Melanie Blow was raped by her father when she was only 13 years old. She is still trying to bring him to justice.
Because I “know about child abuse,” people show me pictures of their children’s skin, defiled with cigarette burns and furrowed with welts. I see medical reports describing as-yet undisclosed rapes, and psychologists’ reports bearing diagnoses like post-traumatic stress disorder or PTSD. PTSD was called “soldier’s heart” because it was first described in combat veterans. Every time a child carries that diagnosis, it means the child has endured something akin to fighting a war.
There is nothing remarkable about the damaged hurting the fragile. Children are inherently fragile. The risk factors that drive a new family to become abusive are well known and easily screened for.
Like other chronic diseases, there are programs to prevent risk factors from becoming dangerous. Yet we let programs like Healthy Families NY, which has a sound track record for molding at-risk parents into exemplary ones, remain unavailable to more than 90 percent of high-risk families that most need it.
All forms of child abuse can kill, whether immediately or by setting a victim down a path of irreparable self-destruction. Our current laws against child sexual abuse are so hard to enforce that no more than 3 percent of offenders will see any prison time, allowing them to continue offending and remain a major threat to public health. The Child Victims Act, a bill seeking to remedy this by removing New York State’s statute of limitations on this crime, has floundered in Albany for the last decade.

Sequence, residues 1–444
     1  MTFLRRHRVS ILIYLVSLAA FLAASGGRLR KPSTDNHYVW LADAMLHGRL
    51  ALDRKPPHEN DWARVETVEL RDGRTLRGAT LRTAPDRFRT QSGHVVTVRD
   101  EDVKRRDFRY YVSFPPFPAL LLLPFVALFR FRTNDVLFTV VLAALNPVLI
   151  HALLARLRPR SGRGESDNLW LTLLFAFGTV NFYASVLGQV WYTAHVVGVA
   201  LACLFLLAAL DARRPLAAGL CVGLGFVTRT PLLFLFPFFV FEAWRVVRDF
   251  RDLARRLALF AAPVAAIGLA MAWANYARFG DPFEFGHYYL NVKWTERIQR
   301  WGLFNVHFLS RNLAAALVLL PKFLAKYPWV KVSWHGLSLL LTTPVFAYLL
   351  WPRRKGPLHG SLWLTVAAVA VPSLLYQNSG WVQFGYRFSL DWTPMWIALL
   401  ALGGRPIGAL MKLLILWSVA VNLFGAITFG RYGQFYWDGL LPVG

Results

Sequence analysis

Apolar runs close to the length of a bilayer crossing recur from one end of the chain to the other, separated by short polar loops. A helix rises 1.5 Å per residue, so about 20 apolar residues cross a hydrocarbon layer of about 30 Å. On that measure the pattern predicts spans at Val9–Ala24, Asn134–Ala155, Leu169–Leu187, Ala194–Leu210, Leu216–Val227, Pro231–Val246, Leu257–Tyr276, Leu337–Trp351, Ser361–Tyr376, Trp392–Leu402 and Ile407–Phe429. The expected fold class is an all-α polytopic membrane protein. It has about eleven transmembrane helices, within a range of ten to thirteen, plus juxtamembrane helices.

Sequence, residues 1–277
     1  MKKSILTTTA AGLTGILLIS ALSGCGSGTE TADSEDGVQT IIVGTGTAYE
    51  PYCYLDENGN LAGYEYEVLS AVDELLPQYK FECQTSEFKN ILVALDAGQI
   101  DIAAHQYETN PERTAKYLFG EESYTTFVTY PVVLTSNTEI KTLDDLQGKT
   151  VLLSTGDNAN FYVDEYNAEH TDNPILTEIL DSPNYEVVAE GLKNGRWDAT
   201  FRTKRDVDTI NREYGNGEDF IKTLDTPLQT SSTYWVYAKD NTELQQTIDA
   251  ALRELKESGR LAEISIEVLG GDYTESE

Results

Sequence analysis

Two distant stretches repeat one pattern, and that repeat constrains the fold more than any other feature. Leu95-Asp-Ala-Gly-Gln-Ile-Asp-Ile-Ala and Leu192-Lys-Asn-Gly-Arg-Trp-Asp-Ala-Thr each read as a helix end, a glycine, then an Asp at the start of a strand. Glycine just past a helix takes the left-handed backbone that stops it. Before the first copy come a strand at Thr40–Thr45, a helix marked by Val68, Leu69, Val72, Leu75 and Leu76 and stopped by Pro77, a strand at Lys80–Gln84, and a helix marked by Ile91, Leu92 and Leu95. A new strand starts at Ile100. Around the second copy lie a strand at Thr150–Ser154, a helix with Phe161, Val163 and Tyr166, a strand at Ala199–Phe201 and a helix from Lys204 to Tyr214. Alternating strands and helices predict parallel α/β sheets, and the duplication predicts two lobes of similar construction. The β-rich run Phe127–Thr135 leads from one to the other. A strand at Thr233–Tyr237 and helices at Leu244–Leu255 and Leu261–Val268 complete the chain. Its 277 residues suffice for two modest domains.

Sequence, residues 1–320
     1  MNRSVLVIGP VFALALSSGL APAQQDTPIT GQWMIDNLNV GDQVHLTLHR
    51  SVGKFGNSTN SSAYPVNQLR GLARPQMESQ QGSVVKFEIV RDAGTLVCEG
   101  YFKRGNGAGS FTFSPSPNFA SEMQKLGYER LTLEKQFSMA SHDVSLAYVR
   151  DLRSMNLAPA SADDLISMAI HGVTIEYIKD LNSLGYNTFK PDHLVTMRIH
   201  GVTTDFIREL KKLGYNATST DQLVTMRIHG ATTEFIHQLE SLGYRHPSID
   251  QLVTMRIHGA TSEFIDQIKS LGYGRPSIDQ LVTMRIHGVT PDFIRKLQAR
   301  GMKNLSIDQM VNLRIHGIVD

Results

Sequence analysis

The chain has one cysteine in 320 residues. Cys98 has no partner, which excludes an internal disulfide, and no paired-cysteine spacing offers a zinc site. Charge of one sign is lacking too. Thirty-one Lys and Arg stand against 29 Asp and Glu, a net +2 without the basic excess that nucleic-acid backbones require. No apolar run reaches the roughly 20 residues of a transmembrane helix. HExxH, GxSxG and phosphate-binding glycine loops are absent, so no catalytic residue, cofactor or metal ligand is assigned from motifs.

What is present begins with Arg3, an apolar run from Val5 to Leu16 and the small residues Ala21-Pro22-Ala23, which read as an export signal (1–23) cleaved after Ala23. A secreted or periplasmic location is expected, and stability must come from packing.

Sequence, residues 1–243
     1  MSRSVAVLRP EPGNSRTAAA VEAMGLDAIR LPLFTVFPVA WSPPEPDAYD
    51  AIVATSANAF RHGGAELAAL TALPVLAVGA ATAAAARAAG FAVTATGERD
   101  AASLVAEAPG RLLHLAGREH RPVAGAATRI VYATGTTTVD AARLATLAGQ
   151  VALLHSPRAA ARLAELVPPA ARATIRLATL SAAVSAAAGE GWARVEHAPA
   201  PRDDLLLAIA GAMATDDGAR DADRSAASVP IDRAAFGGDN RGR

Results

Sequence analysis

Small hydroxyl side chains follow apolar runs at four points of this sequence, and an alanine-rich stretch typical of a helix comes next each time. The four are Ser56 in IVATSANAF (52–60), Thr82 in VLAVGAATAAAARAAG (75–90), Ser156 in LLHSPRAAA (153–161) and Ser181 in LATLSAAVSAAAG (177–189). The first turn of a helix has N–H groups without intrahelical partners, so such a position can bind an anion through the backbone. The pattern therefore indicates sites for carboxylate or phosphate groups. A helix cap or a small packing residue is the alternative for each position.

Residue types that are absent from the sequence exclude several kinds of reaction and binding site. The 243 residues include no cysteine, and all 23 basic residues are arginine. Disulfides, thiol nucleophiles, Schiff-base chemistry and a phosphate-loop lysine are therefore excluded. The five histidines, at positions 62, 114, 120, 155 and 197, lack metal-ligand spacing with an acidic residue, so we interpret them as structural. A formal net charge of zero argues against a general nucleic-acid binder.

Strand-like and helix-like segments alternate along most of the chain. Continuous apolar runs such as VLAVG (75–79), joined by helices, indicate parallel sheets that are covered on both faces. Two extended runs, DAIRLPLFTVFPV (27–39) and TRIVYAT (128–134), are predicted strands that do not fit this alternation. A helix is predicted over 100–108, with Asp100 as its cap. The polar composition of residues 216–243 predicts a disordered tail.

Making child abuse rare will, hopefully, unburden Child Protective Services and minimize the mistakes that are attributable to inexperience, overwork and burnout. But while public education is constantly discussed by all levels of government, foster care and CPS are never discussed until there is a tragedy.
Following such horrors, there is a frenzy to pass laws with some ostensible relationship to the child’s death, no matter how weak the link. We then ignore the systems until the next tragedy. We need a sound public education system, but when we discuss the infrastructure for helping vulnerable children, we must remember we are talking about life and death.
When people show me pictures and reports, they always ask, “what do you think?” In those moments, my first thoughts are that we are an irredeemable nation with an apathetic many facilitating a cruel few. But that’s not what I really believe. I do believe we can prevent future tragedies like the death of Eain Brooks. We need to care about child abuse when it isn’t in the headlines. We need to use every preventative tool at our disposal, and we need to invest in the creation of more. We need to recognize that the systems that fail someone else’s child harm all of us.
Melanie Blow serves on the board of directors for Prevent Child Abuse NY and leads the Stop Abuse Campaign in New York State.